Using disparate sources to capture the same data on the same patient is a common behavior and a typical cause of data quality issues. In some cases, different data sources may be used in the same process at different times and/or by different people. In other cases, inconsistent patient records surface when data sharing is needed to accomplish different processes along the care continuum.
An authoritative data source is an official source of information that may include a trusted source or a system of record. As such, the authoritative data source may refer to the source that creates the data or the best source for a specific data set, which will depend on context.
Data governance should provide guidance on how authoritative sources are to be defined, prioritized, and controlled to reduce the risk of creating inconsistent or duplicate patient records.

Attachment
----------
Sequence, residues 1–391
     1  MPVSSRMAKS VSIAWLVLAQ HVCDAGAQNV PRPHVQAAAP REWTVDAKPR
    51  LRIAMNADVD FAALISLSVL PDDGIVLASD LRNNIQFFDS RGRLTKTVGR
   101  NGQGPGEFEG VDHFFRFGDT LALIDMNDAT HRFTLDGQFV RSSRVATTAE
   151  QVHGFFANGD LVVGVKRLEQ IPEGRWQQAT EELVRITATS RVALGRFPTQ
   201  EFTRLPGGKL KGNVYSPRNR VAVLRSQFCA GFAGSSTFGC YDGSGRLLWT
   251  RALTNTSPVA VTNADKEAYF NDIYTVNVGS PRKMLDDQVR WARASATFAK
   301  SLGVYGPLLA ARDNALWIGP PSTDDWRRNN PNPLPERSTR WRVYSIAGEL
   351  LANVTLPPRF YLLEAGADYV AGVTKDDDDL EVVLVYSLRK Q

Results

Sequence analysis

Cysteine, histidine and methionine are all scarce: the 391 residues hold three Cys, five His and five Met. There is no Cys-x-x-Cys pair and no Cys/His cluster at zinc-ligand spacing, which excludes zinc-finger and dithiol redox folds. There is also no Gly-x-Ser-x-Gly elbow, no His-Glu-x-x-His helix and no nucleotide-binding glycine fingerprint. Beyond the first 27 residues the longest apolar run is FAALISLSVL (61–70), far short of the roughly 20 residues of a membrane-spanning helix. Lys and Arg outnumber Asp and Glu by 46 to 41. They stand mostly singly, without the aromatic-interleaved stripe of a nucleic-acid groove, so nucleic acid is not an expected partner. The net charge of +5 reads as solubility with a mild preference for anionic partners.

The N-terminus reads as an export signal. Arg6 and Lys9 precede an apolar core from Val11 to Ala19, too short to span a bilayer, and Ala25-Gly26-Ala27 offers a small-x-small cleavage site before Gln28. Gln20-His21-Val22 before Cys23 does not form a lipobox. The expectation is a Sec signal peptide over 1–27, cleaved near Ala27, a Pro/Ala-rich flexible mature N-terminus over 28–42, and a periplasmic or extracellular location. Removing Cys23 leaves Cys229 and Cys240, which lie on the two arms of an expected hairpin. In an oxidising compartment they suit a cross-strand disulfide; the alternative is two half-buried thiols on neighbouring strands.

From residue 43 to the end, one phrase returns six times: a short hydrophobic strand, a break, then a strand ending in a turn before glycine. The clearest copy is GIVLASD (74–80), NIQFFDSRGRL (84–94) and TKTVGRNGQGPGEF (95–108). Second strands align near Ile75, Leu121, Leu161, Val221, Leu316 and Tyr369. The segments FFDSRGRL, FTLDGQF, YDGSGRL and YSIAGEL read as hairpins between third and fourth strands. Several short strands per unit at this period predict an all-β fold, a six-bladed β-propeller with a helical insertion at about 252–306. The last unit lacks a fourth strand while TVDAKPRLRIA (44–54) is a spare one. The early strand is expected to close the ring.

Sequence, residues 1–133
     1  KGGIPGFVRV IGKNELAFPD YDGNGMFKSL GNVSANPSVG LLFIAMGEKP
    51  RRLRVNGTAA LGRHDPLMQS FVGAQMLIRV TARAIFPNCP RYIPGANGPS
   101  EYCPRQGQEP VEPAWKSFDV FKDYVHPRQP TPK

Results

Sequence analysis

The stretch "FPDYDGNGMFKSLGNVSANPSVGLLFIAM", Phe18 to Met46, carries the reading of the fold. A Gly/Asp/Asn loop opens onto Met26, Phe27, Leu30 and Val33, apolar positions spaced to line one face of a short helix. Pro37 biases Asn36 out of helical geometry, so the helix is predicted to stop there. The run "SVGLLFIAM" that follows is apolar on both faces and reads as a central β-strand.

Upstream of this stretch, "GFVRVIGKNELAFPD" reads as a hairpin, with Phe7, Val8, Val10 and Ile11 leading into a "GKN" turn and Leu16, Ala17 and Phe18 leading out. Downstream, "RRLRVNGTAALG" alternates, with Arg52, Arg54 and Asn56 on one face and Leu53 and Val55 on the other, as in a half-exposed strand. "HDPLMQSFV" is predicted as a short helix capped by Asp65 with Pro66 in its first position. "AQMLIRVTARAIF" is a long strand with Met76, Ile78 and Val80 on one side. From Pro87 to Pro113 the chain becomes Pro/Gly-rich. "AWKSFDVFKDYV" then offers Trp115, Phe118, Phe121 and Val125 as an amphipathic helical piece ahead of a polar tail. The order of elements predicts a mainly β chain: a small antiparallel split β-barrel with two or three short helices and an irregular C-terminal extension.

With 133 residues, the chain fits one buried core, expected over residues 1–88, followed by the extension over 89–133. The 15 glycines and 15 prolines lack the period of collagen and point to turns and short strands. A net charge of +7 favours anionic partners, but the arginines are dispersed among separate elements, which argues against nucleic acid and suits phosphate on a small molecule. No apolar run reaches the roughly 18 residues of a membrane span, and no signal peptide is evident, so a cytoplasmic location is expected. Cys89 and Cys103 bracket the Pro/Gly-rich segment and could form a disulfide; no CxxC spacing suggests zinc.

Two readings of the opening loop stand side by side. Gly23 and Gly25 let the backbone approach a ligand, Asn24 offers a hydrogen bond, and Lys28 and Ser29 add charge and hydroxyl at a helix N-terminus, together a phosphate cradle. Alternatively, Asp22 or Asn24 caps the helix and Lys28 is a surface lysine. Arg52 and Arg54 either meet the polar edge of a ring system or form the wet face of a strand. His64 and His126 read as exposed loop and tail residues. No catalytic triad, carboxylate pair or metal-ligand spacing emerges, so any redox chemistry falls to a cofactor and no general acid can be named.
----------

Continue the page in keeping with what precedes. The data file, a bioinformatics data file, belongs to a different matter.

Any quality issues identified at any point along the patient data lifecycle should be be addressed in the authoritative source to ensure all other processes will benefit from the correct information. Accordingly, the systems development lifecycle process should require reference to and adoption of approved shared data from authoritative sources.
Example Work Products
At a minimum, the scope of data lifecycle management should address the set of critical data attributes that have been identified for ensuring a patient record can be reconciled to an actual patient. All new development and technology purchases should use the appropriate business glossary terms when documenting data requirements, and the relationships from the glossary terms to metadata corresponding to the implemented technology should be documented and subject to review by data governance.